On the other hand, although the reviewing court must accept evidentiary facts shown by substantial evidence and the sufficiency of those facts to constitute a stated cause, still it remains for the court to determine as a matter of law whether such cause relates to the welfare of the school and its pupils and is therefore adequate under the provisions of section 13443 to justify dismissal. ( Griggs v. Board of Trustees, supra, 61 Cal.2d 93, 96; Blodgett v. Board of Trustees, supra, 20 Cal.App.3d 183, 190; McGlone v. Mt. Diablo Unified Sch. Dist., supra, 3 Cal.App.3d 17, 22; Thornton v. Board of Trustees (1968) 262 Cal.App.2d 761, 765-766 [ 68 Cal.Rptr. 842]; cf. Morrison v. State Board of Education (1969) 1 Cal.3d 214 [ 82 Cal.Rptr. 175, 461 P.2d 375].) In this respect the court's function is equivalent to that generally performed by it in determining what ultimate legal conclusion is to be drawn from facts found by an administrative agency. (See Merrill v. Department of Motor Vehicles, supra, 71 Cal.2d 907, 917, and cases there cited.)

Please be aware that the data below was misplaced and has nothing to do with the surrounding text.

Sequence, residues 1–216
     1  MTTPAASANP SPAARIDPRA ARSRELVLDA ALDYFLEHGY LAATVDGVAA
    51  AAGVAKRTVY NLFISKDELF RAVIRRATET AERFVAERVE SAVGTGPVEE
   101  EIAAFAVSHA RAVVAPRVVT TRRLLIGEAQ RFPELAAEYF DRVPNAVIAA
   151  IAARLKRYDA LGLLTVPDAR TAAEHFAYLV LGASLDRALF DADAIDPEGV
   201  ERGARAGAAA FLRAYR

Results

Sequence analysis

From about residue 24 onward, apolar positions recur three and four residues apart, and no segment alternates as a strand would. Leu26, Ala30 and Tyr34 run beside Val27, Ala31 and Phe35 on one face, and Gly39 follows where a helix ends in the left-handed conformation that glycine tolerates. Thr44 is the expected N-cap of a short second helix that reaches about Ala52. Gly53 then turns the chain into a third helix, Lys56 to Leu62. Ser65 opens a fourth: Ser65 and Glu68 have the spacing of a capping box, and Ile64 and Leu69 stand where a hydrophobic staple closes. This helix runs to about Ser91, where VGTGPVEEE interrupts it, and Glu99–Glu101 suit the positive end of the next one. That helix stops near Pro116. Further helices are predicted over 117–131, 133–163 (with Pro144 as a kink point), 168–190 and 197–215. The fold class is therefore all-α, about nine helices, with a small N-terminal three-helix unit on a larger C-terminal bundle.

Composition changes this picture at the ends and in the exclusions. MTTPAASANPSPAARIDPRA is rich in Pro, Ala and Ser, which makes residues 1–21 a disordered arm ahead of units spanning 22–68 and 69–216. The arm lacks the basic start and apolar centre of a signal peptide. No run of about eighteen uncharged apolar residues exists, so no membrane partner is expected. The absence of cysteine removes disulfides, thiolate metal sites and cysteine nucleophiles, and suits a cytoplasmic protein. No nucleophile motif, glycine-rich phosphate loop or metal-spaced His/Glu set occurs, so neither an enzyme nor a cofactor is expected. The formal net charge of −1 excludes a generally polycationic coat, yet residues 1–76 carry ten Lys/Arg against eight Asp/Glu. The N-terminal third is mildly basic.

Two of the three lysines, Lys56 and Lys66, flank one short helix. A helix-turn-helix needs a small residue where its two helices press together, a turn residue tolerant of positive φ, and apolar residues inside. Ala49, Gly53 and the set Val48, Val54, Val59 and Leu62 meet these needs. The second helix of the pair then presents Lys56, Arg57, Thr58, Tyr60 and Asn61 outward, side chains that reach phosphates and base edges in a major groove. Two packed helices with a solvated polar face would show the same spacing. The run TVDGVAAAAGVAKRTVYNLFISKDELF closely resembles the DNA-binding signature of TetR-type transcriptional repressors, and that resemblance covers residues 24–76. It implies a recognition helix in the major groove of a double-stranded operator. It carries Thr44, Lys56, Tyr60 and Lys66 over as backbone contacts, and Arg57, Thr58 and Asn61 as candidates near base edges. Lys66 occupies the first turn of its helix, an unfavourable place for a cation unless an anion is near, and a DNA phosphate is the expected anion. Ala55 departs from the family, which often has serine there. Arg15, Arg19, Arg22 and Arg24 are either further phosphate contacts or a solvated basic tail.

The particular problem here facing us cannot, however, be resolved by an attempt to label the subject determination as either "factual" or "legal." (10) The situation in question is one wherein (1) the board has stated and supported an adequate cause or causes for dismissal; (2) the teacher has presented evidence that, notwithstanding this cause or these causes, the dismissal resulted from official dissatisfaction with his exercise of constitutional rights; and (3) the board has made a finding supported by substantial evidence that the real reason for dismissal was the stated adequate cause or causes and was not dissatisfaction with the teacher's exercise of constitutional rights. What is the standard governing the court's review of the latter finding? Is the court bound by the rule of substantial evidence in light of the entire record?